A further insight into the sialome of the tropical bont tick, Amblyomma variegatum
1 Laboratory of Malaria and Vector Research, National Institute of Allergy and Infectious Diseases, National Institutes of Health, Rockville, MD 20892, USA
2 US Pacific Basin Agricultural Research Center, Agricultural Research Service, United States Department of Agriculture, 64 Nowelo St., Hilo HI, USA
3 Laboratory of Proteomics and Analytical Technologies, SAIC-Frederick, Inc., National Cancer Institute at Frederick, National Institutes of Health, Frederick, MD, USA
BMC Genomics 2011, 12:136 doi:10.1186/1471-2164-12-136Published: 1 March 2011
Ticks--vectors of medical and veterinary importance--are themselves also significant pests. Tick salivary proteins are the result of adaptation to blood feeding and contain inhibitors of blood clotting, platelet aggregation, and angiogenesis, as well as vasodilators and immunomodulators. A previous analysis of the sialotranscriptome (from the Greek sialo, saliva) of Amblyomma variegatum is revisited in light of recent advances in tick sialomes and provides a database to perform a proteomic study.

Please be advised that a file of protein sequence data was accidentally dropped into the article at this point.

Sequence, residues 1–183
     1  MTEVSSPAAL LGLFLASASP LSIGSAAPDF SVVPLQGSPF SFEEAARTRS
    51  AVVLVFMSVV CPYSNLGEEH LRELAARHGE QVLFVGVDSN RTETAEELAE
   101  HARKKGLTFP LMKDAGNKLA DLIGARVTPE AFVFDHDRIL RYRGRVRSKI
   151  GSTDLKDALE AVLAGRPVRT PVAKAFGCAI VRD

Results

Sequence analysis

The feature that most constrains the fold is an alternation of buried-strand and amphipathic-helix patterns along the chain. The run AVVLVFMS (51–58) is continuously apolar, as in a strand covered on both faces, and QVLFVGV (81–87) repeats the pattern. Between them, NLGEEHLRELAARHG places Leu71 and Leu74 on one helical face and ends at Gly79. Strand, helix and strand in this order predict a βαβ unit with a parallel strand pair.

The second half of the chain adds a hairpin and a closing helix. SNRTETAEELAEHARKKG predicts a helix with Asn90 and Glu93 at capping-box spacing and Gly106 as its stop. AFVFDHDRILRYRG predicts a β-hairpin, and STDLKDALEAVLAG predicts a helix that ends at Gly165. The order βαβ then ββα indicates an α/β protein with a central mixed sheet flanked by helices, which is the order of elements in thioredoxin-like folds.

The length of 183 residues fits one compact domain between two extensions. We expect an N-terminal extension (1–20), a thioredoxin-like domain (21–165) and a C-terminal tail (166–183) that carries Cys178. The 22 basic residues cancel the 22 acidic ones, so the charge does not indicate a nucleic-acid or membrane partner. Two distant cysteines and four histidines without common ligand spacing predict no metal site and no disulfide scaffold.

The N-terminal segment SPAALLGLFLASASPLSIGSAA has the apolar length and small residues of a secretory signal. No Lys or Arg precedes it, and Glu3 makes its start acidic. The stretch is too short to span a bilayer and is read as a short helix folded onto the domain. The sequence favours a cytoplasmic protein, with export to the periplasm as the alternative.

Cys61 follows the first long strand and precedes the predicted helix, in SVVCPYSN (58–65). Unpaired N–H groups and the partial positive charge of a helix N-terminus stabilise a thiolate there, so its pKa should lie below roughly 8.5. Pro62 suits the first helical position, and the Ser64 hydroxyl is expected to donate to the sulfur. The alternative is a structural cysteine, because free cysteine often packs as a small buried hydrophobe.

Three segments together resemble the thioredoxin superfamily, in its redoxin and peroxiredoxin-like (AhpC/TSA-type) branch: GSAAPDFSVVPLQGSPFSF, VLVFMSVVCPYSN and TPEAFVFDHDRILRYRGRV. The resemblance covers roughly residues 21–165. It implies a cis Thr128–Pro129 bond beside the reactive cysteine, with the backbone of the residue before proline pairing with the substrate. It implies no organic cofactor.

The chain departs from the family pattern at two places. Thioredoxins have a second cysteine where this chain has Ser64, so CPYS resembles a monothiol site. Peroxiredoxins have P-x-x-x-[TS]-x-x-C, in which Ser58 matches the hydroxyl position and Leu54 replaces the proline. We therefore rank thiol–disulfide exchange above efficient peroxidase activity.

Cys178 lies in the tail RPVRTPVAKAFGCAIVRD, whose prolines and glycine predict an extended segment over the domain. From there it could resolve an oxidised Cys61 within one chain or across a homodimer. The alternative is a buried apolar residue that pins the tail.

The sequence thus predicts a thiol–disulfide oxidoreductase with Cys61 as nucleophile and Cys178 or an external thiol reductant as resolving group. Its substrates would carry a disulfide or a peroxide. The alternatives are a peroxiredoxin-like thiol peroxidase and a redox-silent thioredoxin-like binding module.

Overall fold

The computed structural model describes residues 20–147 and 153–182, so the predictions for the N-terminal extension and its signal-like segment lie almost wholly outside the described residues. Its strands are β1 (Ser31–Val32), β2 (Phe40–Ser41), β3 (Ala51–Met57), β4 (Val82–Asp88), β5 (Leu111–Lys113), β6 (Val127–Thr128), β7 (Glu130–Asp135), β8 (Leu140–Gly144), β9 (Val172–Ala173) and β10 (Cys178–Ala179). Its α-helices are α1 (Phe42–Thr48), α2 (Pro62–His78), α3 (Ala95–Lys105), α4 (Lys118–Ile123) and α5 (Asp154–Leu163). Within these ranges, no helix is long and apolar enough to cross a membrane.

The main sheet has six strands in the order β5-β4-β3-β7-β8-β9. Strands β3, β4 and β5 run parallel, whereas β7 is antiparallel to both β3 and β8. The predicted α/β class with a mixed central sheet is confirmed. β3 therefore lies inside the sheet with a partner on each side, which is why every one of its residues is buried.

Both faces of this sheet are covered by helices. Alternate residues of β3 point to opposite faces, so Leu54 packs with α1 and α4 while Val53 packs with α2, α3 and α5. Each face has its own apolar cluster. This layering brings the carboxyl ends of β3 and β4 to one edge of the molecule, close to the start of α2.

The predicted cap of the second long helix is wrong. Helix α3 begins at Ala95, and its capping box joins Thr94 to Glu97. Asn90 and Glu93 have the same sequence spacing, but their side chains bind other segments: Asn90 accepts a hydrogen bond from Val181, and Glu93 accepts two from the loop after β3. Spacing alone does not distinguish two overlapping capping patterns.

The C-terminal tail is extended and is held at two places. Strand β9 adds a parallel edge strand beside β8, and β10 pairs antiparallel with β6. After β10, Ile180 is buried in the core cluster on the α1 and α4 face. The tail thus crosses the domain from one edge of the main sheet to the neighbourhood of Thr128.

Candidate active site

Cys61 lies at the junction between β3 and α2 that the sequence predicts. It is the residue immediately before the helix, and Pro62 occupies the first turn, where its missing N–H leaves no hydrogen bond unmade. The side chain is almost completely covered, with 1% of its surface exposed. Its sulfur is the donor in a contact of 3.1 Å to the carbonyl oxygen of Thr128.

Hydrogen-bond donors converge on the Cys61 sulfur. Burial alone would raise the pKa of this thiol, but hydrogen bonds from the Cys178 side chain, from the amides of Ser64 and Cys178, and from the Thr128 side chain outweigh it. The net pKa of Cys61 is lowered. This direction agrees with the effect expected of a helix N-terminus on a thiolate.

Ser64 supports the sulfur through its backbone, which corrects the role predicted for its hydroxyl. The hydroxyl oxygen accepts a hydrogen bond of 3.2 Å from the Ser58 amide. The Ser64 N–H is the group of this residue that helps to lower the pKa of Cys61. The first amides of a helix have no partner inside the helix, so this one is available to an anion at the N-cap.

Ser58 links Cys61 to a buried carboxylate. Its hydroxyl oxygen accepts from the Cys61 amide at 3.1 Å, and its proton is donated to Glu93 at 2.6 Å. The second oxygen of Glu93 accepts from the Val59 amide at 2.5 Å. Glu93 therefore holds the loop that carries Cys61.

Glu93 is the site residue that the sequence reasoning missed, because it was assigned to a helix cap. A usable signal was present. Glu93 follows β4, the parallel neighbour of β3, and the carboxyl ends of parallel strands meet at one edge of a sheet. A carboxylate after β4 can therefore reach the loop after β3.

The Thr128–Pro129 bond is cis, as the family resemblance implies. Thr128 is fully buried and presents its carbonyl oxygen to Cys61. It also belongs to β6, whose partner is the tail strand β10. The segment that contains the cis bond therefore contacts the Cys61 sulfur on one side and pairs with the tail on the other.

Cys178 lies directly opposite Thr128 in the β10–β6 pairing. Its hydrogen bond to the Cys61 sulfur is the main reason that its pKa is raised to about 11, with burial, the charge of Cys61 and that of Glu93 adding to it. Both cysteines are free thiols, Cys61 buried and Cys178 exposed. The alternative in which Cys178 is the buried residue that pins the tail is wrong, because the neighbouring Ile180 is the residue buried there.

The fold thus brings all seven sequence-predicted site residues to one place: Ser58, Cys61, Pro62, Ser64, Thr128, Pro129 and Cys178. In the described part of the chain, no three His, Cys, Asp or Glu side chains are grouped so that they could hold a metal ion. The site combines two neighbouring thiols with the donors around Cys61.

The clusterized data set has been expertly curated in light of recent reviews on tick salivary proteins, identifying many new families of tick-exclusive proteins. A proteome study using salivary gland homogenates identified 19 putative secreted proteins within a total of 211 matches.
The annotated sialome of A. variegatum allows its comparison to other tick sialomes, helping to consolidate an emerging pattern in the salivary composition of metastriate ticks; novel protein families were also identified. Because most of these proteins have no known function, the task of functional analysis of these proteins and the discovery of novel pharmacologically active compounds becomes possible.